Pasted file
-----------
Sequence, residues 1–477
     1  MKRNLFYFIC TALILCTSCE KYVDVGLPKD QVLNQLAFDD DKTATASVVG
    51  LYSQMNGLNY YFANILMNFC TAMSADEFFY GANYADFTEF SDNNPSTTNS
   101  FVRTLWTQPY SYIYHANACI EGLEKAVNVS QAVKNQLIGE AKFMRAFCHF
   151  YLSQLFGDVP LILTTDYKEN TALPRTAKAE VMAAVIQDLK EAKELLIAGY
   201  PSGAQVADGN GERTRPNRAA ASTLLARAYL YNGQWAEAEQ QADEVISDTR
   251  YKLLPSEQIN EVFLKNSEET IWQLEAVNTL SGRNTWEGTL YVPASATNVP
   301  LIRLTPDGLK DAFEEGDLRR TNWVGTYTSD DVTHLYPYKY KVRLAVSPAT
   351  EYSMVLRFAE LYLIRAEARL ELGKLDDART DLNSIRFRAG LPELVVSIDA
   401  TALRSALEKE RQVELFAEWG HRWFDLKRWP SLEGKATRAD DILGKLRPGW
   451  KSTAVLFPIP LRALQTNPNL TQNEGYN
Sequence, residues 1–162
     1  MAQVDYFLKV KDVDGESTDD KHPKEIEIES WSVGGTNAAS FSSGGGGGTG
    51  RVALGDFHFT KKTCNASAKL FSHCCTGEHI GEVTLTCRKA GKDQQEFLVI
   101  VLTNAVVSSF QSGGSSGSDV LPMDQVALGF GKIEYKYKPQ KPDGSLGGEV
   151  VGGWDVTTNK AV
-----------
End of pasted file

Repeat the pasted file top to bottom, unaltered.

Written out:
Sequence, residues 1–477
     1  MKRNLFYFIC TALILCTSCE KYVDVGLPKD QVLNQLAFDD DKTATASVVG
    51  LYSQMNGLNY YFANILMNFC TAMSADEFFY GANYADFTEF SDNNPSTTNS
   101  FVRTLWTQPY SYIYHANACI EGLEKAVNVS QAVKNQLIGE AKFMRAFCHF
   151  YLSQLFGDVP LILTTDYKEN TALPRTAKAE VMAAVIQDLK EAKELLIAGY
   201  PSGAQVADGN GERTRPNRAA ASTLLARAYL YNGQWAEAEQ QADEVISDTR
   251  YKLLPSEQIN EVFLKNSEET IWQLEAVNTL SGRNTWEGTL YVPASATNVP
   301  LIRLTPDGLK DAFEEGDLRR TNWVGTYTSD DVTHLYPYKY KVRLAVSPAT
   351  EYSMVLRFAE LYLIRAEARL ELGKLDDART DLNSIRFRAG LPELVVSIDA
   401  TALRSALEKE RQVELFAEWG HRWFDLKRWP SLEGKATRAD DILGKLRPGW
   451  KSTAVLFPIP LRALQTNPNL TQNEGYN
Sequence, residues 1–162
     1  MAQVDYFLKV KDVDGESTDD KHPKEIEIES WSVGGTNAAS FSSGGGGGTG
    51  RVALGDFHFT KKTCNASAKL FSHCCTGEHI GEVTLTCRKA GKDQQEFLVI
   101  VLTNAVVSSF QSGGSSGSDV LPMDQVALGF GKIEYKYKPQ KPDGSLGGEV
   151  VGGWDVTTNK AV